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Andrea Crowder
Andrea Crowder's Story
Miami, FL
As part of the business plan at Andrea Crowder Fitness, the organization supports charities that...
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Andrea Crowder
Andrea Crowder's Story
Miami, FL

The request arrived with seemingly divine timing. An invitation to a “Farm to Table” event for the Community Food Bank of Southern Arizona, a member of the Feeding America network, was an answer to a prayer for Andrea Crowder, who wanted to feel more connected to her giving. She marked her calendar and, when the day came, attended the event with her young daughter.

Andrea, a life coach with a message of freedom and flexibility, wants to be a force for good. As part of the business plan at Andrea Crowder Fitness, the organization supports charities that make a difference, including Feeding America.

Already a donor to Feeding America, Andrea chose to “step it up” after hearing Tony Robbins talk about his experience with childhood hunger, his partnership with Feeding America and his support of individuals facing hunger. His story resonated with Andrea’s own early years when the kindness of strangers helped soothe difficult family circumstances. To date, Andrea’s donations to Feeding America have equated to over 100,000 meals for people struggling with hunger.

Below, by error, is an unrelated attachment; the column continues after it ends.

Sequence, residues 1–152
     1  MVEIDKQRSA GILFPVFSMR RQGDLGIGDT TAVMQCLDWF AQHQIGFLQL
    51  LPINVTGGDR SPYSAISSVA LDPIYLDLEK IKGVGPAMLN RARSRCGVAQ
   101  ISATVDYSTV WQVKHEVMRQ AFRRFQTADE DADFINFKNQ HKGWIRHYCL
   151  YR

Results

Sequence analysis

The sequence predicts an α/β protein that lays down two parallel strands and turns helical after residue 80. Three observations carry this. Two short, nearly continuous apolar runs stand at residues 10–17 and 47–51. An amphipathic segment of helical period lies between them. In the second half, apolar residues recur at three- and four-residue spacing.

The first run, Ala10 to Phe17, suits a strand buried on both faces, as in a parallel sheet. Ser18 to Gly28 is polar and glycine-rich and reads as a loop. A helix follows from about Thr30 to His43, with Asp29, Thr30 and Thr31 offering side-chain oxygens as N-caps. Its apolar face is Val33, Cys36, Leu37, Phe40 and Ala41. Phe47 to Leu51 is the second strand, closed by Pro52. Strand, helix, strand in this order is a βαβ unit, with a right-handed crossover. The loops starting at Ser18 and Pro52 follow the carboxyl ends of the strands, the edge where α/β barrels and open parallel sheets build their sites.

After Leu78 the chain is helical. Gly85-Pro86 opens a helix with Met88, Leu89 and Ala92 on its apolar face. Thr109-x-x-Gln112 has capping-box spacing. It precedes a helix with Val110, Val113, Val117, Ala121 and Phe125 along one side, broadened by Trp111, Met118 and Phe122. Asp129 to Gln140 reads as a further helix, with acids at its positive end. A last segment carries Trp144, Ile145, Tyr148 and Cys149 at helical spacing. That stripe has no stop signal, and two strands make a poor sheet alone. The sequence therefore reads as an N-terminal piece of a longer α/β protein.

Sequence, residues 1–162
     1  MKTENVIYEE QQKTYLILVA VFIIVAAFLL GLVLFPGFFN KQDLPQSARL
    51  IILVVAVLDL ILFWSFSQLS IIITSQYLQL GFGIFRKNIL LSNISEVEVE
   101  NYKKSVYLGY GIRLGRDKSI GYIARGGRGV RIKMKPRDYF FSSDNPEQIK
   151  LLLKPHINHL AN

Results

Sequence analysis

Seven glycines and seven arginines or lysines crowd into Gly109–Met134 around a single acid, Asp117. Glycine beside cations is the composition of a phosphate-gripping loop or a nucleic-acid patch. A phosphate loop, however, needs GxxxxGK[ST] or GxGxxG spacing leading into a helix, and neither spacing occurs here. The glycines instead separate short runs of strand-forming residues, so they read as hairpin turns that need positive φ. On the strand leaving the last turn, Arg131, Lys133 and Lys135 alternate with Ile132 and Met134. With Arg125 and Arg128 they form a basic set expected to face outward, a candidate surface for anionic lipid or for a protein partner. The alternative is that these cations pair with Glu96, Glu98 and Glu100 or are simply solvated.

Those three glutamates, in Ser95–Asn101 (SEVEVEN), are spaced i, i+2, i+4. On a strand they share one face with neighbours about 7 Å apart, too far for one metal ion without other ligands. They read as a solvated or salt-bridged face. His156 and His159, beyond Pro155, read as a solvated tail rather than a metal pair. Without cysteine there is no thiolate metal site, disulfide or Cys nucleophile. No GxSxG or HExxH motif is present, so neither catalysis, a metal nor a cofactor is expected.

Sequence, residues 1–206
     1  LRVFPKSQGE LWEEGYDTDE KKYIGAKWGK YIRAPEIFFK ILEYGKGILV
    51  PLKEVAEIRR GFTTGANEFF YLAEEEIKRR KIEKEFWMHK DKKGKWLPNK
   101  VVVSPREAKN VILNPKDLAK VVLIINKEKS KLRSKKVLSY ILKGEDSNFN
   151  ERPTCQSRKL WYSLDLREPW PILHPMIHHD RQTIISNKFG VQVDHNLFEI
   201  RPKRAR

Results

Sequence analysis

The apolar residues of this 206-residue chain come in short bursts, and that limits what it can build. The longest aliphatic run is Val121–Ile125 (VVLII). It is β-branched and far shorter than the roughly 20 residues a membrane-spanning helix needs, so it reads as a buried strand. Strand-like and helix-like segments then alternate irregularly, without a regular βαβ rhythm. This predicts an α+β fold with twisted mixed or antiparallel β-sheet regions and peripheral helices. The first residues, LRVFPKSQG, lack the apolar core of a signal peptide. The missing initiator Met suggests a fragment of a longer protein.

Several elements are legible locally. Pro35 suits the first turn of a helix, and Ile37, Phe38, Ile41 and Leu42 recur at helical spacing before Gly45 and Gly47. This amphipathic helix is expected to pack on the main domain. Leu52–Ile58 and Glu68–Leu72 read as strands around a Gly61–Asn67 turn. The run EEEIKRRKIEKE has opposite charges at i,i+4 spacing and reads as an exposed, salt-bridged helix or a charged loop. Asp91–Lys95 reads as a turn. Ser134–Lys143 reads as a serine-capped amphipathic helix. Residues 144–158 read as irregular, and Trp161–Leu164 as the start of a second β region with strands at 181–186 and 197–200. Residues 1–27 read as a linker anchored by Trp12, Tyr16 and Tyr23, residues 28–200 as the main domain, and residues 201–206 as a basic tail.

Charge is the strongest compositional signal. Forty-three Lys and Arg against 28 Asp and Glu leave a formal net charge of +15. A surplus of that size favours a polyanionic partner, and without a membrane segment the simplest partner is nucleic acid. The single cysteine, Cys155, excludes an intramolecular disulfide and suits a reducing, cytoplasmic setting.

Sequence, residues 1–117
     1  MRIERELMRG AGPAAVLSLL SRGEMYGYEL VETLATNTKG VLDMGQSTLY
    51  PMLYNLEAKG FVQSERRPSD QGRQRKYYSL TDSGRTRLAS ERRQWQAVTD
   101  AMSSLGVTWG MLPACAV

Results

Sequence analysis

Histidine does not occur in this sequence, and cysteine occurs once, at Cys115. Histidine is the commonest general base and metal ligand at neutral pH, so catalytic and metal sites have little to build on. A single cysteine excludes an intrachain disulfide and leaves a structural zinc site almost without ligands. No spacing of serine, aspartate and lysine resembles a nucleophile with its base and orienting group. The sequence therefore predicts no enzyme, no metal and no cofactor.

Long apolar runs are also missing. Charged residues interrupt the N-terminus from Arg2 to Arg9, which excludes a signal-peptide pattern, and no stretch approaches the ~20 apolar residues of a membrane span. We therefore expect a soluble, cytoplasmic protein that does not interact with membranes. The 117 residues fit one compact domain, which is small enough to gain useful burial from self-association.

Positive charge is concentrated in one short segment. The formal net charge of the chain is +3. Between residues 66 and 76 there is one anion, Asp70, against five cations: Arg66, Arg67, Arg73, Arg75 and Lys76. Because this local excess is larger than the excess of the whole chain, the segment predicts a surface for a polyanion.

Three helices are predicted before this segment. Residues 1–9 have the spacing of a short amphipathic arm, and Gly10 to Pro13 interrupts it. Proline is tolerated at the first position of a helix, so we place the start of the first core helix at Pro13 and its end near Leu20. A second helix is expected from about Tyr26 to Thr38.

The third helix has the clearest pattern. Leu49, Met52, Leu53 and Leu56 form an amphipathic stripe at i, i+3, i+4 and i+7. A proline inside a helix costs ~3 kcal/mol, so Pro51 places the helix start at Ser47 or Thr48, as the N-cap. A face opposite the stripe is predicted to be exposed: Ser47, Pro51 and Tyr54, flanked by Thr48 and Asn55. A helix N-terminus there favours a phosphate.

We asked Andrea how it feels to give back. “If I had to say one word, it would be ‘empowered,’” she said. “I feel empowered when I can help someone. I know how defeating it feels to depend on other people. How humbled and desperate you feel when you get to that point. I know how hard that is.”

Now on the giving end, Andrea reflected on her experience at the food bank event. “I did not realize that the issue of hunger and Feeding America’s work go well beyond a meal. Feeding America helps put people up on their feet,” she said. “I was surprised to hear that you partner with other organizations to help people who fall on hard times.” She continued, “It was so nice to shake hands with the people who work to end hunger and see what is going on in the community. It gave me a bigger vision of hunger relief.”